Next let's talk about a hot example. In a hot example, and this especially applies to ... I'm going to give you a narrow definition of it. Depending on what industry you're in, you can get into different ones, but we're talking about selling art online, so if you're selling art online and I come to your website ... Let's use Susan again. Susan, I come to your website. I look at a piece of art. It's an original or it's a beautiful print. I grab that thing. I throw it in my shopping cart, and then I leave. I leave. I get distracted. I leave. I didn't purchase. I have that piece of art in a shopping cart that has not been purchased.
That's hot traffic, right? I mean, that was on the 99-yard line. We just need another push. Their credit card would have been out and the deal would have been done. This is somebody that you've known for a long time, that's already passed through the warm. They're hot. They've sent you the signal they're going to buy, so you have the ability, assuming you set things up correctly, to show different ads, different messages to these three people at the three zones they are, and especially with the hot, you can go for the jugular. You could go for the jugular at that point in time.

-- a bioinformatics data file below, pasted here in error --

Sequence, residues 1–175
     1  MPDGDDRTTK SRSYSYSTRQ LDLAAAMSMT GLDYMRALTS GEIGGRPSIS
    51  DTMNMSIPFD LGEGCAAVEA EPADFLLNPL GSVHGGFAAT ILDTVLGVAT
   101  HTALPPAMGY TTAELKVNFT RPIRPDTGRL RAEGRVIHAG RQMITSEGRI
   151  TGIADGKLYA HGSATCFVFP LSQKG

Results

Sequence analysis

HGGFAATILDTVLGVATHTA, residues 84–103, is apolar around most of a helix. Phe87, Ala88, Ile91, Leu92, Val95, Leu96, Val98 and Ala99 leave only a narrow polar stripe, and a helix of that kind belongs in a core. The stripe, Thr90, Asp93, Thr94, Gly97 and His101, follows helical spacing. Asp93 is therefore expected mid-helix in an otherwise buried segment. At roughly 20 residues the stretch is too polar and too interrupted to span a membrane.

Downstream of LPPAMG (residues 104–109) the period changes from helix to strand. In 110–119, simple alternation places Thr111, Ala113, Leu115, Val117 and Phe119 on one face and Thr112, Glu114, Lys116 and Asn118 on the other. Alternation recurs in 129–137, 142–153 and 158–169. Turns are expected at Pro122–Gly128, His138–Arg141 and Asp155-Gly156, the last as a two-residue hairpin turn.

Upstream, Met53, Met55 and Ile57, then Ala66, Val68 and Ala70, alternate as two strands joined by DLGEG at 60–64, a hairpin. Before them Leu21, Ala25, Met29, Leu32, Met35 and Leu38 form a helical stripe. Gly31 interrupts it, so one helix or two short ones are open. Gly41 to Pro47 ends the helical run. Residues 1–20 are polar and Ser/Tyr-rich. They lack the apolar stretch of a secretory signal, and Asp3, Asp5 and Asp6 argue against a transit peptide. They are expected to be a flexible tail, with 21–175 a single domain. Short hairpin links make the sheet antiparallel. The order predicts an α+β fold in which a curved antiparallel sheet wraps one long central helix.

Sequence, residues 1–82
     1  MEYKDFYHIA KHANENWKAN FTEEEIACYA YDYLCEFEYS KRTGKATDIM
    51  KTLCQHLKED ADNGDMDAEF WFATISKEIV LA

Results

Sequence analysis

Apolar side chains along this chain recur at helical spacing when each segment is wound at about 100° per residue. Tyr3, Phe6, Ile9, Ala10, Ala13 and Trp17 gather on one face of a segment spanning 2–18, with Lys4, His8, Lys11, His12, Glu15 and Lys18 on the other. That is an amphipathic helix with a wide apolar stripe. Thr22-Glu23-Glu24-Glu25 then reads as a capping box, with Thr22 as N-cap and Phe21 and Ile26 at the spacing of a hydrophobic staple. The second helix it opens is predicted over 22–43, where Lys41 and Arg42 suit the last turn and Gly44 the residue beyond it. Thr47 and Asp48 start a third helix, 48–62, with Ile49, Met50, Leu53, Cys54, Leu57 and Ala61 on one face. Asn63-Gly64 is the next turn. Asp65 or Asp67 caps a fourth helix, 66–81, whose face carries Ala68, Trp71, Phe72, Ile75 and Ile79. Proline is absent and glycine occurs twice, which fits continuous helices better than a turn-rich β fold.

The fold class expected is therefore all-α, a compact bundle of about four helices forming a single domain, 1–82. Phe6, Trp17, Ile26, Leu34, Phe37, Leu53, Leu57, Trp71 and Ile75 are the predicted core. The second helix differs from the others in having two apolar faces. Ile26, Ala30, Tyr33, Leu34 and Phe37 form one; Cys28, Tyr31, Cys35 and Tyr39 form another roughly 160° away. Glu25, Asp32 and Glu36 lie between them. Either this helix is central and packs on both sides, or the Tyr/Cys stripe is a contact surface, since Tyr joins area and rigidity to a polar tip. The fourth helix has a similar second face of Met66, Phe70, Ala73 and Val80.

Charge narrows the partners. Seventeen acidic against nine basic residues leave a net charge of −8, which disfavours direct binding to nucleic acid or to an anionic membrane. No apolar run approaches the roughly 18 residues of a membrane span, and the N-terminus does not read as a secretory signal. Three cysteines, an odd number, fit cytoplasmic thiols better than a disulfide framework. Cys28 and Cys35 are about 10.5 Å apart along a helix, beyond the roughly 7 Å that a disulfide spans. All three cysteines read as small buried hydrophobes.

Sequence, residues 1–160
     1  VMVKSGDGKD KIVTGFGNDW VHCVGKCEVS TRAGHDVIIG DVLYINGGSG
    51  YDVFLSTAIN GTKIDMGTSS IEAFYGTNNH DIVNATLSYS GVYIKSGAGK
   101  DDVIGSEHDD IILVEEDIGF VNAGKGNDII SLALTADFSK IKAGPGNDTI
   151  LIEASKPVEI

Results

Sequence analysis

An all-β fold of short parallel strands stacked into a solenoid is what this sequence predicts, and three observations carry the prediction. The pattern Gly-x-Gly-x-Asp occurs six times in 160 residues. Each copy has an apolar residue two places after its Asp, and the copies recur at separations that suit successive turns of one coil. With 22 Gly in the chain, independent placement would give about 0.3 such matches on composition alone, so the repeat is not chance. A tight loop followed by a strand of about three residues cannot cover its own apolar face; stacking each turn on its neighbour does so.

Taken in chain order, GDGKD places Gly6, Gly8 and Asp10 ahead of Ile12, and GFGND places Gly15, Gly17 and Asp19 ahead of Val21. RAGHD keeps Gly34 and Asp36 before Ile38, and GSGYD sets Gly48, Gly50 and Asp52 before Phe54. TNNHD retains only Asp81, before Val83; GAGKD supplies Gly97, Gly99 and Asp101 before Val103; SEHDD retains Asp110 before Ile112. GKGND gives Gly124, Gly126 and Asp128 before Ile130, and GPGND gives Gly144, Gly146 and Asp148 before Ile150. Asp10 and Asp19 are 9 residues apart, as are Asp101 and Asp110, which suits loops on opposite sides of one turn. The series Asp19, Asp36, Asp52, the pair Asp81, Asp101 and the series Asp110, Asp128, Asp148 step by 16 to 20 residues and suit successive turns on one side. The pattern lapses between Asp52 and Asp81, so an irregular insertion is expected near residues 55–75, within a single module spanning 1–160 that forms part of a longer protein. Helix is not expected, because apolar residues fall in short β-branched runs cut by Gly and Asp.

To sum that up before we move on, the relationship example makes it easy, so constantly be thinking about the relationship example when you're thinking through these three different traffic types. You get that, you get just that, that there is cold, there is warm, there is hot traffic ... They should be shown a cold message for cold traffic, a warm message for warm traffic, and a hot message for a hot traffic. You get that and I'm telling you, you are 90% further than most not just artists, but people that are advertising on Facebook, and especially for beginners. That's where most people get hung up at the beginning. Have you ever see that show, Family Feud? It's had a number of different hosts over the years, but I think it's Steve Harvey now. You're up there with your family and they ask some sort of a question.